Cuisenaire Rods

I have been enjoying working with my child at home using Cuisenaire rods. We just continue the work she has been set by her school by exploring something she has noticed. First time we used the rods, I drew out a 10by10 grid and let her fill it up with a picture. I’ve seen a few people on Twitter use this idea and it let my child be creative and she really enjoyed doing this on a few separate occasions. Here are just a few of her pictures.



We then had to do some of her school work and she had to answer questions where there was a double number and another digit. EG: 4 + 4 + 7 or 8 + 3 + 3. I gave her the task to fill a length of 13 with a double and one other rod. She enjoyed doing this and asked questions like “why can’t you use exactly two rods without having a gap?” and “why can’t you use two 7s?” We spent time talking about these questions and ideas.

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The next day she had to answer her school questions which were adding 3 numbers where two of them added to 10. So after we looked at filling a length of 13 with rods that included two that formed a number bond to 10. This also provoked questions like “why is there always 3 left over?”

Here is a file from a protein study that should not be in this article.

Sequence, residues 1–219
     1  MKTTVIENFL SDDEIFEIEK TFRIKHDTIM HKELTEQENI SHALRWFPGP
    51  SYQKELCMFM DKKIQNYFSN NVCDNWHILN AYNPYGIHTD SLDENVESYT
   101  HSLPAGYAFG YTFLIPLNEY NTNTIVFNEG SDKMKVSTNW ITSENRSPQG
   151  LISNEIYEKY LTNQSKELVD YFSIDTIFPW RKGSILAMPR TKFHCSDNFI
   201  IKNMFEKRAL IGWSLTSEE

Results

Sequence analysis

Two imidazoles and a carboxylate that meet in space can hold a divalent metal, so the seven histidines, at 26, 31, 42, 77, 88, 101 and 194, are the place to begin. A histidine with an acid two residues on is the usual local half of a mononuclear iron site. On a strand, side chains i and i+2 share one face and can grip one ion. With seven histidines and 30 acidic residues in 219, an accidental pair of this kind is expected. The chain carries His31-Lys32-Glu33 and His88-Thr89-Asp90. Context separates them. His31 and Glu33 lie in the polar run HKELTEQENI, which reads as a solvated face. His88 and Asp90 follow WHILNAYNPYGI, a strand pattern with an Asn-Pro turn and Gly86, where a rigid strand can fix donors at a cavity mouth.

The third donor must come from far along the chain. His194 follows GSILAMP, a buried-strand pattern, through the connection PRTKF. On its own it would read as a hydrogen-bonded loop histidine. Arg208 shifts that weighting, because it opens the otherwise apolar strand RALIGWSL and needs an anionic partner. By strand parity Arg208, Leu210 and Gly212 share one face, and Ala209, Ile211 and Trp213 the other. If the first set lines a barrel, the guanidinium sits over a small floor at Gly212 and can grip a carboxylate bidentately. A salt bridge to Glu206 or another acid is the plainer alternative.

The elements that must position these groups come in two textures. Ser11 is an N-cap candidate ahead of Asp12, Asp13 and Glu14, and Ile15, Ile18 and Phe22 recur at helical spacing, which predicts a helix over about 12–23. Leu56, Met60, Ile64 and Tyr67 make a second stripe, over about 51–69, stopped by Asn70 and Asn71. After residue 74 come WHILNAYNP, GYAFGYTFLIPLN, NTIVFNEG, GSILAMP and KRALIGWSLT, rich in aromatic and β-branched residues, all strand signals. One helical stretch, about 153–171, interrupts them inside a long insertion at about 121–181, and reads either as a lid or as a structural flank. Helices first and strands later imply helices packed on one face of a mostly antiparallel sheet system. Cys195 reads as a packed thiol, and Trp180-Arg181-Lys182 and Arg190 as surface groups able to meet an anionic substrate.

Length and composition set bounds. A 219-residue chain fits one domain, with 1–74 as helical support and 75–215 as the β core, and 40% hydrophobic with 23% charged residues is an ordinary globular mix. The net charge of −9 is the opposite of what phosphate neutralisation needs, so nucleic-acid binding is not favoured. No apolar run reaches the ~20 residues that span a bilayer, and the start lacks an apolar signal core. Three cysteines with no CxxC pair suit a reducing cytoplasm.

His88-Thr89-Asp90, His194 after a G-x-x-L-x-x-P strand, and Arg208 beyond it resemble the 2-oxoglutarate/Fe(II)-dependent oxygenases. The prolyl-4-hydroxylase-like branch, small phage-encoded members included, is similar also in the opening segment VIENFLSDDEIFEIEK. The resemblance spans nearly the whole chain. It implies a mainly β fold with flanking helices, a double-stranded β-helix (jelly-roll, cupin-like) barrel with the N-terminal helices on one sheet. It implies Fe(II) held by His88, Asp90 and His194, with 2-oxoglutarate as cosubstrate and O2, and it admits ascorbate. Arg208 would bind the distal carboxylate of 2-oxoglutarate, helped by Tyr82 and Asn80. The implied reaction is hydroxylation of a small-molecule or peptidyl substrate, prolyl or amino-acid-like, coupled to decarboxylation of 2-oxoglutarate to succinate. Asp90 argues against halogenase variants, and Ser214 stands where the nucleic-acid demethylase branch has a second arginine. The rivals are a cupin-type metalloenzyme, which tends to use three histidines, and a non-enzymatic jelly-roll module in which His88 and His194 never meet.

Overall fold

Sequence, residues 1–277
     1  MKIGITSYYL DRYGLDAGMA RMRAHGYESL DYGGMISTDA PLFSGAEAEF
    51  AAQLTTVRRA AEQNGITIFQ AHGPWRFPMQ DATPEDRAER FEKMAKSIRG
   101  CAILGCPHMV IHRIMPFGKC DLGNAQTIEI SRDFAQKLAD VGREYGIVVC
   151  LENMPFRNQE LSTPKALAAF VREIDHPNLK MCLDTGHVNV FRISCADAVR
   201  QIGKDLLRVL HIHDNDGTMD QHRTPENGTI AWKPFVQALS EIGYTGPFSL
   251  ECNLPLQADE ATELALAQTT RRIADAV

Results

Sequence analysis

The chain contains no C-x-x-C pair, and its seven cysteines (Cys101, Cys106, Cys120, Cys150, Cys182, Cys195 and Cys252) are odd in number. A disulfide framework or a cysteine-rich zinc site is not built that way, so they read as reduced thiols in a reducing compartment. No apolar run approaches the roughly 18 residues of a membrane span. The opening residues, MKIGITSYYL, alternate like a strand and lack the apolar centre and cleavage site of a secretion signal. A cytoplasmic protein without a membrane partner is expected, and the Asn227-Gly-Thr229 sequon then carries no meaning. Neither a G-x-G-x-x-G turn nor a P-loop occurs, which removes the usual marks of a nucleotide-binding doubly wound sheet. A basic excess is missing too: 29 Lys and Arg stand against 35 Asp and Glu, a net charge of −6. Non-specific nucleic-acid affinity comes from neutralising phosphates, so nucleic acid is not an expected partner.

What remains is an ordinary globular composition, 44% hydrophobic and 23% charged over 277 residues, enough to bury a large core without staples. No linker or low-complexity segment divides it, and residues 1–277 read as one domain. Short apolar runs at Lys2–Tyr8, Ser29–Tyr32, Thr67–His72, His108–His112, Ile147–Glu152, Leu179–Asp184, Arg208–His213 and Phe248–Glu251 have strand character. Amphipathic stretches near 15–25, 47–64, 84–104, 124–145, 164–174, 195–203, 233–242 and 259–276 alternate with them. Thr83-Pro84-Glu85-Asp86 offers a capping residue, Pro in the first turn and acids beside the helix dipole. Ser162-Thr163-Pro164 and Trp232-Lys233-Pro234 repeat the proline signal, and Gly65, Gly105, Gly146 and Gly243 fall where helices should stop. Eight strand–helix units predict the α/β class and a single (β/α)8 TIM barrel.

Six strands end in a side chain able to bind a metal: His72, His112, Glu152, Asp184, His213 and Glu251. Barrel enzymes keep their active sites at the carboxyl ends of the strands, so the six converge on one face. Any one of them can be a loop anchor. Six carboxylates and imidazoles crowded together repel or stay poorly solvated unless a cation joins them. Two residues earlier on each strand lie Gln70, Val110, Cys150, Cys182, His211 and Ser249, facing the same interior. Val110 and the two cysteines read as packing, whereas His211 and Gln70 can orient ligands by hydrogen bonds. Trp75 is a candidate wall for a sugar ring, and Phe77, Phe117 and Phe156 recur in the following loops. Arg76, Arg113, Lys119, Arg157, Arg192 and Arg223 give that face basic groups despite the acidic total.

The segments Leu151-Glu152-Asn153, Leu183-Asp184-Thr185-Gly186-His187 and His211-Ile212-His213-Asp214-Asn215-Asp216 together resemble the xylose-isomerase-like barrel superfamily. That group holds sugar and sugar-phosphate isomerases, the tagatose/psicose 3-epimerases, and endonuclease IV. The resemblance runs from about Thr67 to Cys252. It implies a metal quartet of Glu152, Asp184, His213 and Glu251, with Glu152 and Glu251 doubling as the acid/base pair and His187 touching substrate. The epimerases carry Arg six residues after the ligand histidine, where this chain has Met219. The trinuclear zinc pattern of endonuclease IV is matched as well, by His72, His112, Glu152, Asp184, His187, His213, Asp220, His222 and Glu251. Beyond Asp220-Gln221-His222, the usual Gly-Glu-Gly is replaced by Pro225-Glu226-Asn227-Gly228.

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In the next lesson she had to work on grouping dots and calculating things such as 15 ÷ 3 and circling dots. I decided to try giving her a rod of length 12 and see if she could cover the rod in only red rods or yellow rods etc. She discovered that you could do this with the 1, 2, 3, 4, 6 length rods.


Last night my child got the Cuisenaire rods out and said “can you draw some shapes for me to fill, like you did before?” I drew some shapes and she said to the first ones: “they have 4 sides but that has 6” so I drew some with more sides which she counted too. Then she started filling them. She said “its easy to fill them with the white and red blocks because they are smaller” She then counted up the squares inside the shapes and wrote it down. I didn’t ask her too. I decided to give her some shapes that had an area of 24 but were all the same and challenged her to fill these shapes with only one type of rod each time. She started trying the rod of 9 and then 8 and then 7 and announced triumphantly “2, 4, 6, 8” I said “what do you mean?” she said “I’ve seen something like this before and you can only fill with 2, 4, 6 or 8.” I started to wish I had used a length of area 12 instead but when she got to 3 she was a bit confused as it worked. She reasoned it must be because it was a small rod and those worked for everything and that the bigger the rod the bigger the gap left over.

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